Jason Moloney reflects on WBSS lessons, favors Inoue to win it all

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NEW YORK – Jason Moloney may not have been headlining this night at Madison Square Garden, but his black eyes which lingered from the previous week’s war instantly gave away to those in the building that he was a prizefighter.

The 27-year-old Australian boxer was in attendance at the Danny Jacobs-Sergiy Derevyanchenko fight Saturday night with his fiancee’ Jorja as part of a post-fight vacation in the States following his narrow points loss to IBF bantamweight titleholder Emmanuel Rodriguez in Orlando, Florida in the World Boxing Super Series.

Moloney fell short by a narrow split decision, but felt as confident as ever that he’ll eventually get to raise a world title belt over his head.

“I was obviously devastated that I didn’t get the decision. I’m not world champion, I don’t have the belt around my waist. But it was a great experience, a fight I’ll definitely learn a lot from. We’ll just take away a few of the positives. We’ll keep getting better, we’ll keep improving, and next time I get my opportunity I won’t let it slip and become world champion,” said Moloney (17-1, 14 knockouts).

Rodriguez, who was making his first defense of the belt, got out to a quick start, beating Moloney to the punch consistently with his quick counters. The momentum began to turn in the middle rounds as Moloney’s work rate increased and Rodriguez retreated more frequently to the ropes.

“I thought he’d come out sharp, and I thought the first couple of rounds may be 50-50 which is what it was,” said Moloney.

“I was putting him under a lot of pressure and was starting to land some shots to really break him down. Obviously I probably started a bit slow looking back now, in hindsight I need to start a little bit faster and win some of those earlier rounds.”

(READ: Jason and Andrew Moloney: Seeking success simultaneously)

Moloney is still keeping close tabs on the tournament, just in case someone falls out due to injury and an alternate is needed.

The win earned Rodriguez a second round showdown with pound-for-pound candidate Naoya Inoue next year. Moloney figures Inoue is rightfully the favorite to win it all, but thinks too many of his opponents are beaten mentally before the bell rings to know just how good Inoue is.

“They probably pay him too much respect and let him fight his fight. If we had that opportunity we wouldn’t do that. We’d take it to him and make it our fight,” said Moloney.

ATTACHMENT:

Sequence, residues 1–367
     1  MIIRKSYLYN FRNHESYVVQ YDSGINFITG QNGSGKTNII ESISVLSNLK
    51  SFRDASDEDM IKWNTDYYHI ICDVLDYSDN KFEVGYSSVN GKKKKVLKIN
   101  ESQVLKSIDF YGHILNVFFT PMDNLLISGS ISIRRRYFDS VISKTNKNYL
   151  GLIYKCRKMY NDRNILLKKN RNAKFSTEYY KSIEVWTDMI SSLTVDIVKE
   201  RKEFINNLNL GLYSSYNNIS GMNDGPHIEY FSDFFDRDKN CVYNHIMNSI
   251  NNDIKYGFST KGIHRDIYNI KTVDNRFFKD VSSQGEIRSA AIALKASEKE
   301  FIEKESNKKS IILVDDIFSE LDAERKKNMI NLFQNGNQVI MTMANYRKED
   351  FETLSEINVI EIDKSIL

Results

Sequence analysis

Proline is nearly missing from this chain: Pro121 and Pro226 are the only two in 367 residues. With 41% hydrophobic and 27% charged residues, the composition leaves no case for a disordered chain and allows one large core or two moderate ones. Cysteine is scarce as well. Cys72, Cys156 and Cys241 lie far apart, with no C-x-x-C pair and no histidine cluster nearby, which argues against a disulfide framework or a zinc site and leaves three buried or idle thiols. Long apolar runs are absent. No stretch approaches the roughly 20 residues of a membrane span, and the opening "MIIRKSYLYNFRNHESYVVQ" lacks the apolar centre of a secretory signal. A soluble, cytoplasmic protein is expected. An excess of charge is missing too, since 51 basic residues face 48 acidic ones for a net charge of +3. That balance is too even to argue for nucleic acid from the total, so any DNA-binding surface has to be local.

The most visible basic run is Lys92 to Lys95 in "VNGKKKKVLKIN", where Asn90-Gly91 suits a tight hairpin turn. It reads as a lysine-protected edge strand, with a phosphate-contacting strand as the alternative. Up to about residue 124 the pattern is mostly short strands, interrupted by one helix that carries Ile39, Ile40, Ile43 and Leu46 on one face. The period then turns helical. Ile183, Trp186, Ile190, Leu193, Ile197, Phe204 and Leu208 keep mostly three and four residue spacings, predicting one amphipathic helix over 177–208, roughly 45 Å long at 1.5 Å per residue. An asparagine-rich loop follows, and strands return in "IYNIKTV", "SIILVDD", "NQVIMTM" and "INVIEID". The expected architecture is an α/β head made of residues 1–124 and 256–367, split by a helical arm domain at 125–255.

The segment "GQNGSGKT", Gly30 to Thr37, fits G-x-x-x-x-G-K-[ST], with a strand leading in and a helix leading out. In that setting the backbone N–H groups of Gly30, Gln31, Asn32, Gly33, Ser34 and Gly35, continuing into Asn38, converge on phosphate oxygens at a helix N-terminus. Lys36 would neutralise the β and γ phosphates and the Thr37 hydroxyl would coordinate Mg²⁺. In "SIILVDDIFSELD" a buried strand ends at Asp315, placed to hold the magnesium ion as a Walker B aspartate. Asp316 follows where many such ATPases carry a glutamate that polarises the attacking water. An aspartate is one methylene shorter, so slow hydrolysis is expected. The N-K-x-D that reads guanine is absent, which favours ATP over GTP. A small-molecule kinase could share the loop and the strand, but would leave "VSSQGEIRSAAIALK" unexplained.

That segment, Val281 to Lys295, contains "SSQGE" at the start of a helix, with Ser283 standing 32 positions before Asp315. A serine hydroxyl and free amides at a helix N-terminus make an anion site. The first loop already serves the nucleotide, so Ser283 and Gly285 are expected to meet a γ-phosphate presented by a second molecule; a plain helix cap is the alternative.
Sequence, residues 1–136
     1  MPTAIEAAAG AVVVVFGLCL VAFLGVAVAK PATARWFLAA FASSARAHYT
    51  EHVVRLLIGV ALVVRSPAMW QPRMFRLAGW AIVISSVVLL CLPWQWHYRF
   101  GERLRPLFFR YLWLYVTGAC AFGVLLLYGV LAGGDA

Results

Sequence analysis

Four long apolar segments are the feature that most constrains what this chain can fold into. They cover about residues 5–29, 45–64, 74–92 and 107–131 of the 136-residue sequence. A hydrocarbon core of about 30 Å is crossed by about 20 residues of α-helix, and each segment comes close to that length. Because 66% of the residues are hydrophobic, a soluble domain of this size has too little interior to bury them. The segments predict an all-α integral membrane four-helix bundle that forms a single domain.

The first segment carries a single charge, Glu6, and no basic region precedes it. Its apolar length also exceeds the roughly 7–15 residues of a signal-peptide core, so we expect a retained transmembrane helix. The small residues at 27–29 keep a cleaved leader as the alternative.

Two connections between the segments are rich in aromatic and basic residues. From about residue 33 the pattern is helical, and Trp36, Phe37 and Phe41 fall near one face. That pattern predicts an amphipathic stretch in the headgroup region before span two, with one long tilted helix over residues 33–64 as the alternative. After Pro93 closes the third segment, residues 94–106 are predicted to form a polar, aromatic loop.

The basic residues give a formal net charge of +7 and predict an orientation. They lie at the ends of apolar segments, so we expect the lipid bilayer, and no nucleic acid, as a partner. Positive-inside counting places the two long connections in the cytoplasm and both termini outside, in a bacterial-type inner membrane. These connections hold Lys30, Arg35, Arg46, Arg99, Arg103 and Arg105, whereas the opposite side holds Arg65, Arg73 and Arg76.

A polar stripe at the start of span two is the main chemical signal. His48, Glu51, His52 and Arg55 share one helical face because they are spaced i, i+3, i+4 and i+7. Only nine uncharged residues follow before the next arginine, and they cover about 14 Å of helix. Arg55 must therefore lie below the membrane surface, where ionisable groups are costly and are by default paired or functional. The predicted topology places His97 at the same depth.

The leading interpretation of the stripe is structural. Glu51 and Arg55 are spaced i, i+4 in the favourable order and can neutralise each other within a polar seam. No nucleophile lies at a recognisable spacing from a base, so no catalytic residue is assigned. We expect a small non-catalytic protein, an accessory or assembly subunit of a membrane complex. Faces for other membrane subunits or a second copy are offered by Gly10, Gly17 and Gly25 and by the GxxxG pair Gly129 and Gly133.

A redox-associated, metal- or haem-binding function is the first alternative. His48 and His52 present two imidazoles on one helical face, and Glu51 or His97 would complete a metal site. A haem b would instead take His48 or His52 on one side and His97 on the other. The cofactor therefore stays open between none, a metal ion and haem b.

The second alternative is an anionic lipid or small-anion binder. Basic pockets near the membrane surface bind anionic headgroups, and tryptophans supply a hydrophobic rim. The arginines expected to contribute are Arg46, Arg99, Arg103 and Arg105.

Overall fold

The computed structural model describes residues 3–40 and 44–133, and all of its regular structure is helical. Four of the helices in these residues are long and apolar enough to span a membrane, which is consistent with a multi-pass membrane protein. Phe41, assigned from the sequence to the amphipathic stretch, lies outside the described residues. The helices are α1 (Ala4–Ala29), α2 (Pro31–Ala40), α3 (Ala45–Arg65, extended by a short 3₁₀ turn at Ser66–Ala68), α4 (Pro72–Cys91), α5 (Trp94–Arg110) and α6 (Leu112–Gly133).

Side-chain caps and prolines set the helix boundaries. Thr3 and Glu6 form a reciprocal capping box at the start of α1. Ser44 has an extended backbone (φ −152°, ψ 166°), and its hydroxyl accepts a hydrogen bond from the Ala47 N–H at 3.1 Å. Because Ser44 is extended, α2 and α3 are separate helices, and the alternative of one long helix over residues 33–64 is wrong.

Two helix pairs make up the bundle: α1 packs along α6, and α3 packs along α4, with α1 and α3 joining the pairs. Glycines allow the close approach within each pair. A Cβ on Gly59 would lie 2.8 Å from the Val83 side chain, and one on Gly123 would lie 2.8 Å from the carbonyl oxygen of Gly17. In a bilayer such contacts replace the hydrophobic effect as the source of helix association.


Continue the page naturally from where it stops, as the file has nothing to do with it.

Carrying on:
“I don’t think Inoue is as invincible as people think he is.”

On the other side of the bracket, WBO bantamweight titleholder Zolani Tete, who skated past Russian upstart Mikhail Aloyan in his opening bout of the tournament, will face the winner of next week’s Ryan Burnett-Nonito Donaire Jr. WBA bantamweight title fight in Scotland. While Tete, a rangy southpaw from South Africa, has earned acclaim as a potential runner-up in the tournament, Moloney believes the Burnett-Donaire winner would likely beat Tete to earn a spot in the final.

The only belt not in the tournament is the WBC title, which was stripped from Luis Nery after he failed to make weight for his rematch against Shinsuke Yamanaka. The vacant title will be filled by the winner between Rau’shee Warren and Nordine Oubaali.

Jason isn’t the only fighter in the family hoping for a title fight: twin brother Andrew (18-0, 11 KOs) is rated in the top-15 of all four major sanctioning bodies as well.

“These are the big fights that we both want. We wanted to be on the big stage, wanted to fight for titles for a long time. It’s a slow progression getting here, and now we’re here,” said Moloney.

“Obviously I fell just short this time but I’m gonna just keep working and hopefully I’ll get another opportunity soon. I’m confident we’ll both be world champions very soon and hopefully we’ll hold onto those belts for a long, long time.”

Ryan Songalia is a member of the Boxing Writers Association of America and can be reached at [email protected].

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